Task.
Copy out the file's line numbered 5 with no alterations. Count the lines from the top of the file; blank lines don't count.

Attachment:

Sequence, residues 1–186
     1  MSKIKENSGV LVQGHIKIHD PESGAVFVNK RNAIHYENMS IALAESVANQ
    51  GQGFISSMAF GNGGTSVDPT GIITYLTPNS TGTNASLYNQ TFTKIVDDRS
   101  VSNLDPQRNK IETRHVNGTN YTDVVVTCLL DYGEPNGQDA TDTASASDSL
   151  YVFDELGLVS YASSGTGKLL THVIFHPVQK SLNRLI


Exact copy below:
   151  YVFDELGLVS YASSGTGKLL THVIFHPVQK SLNRLI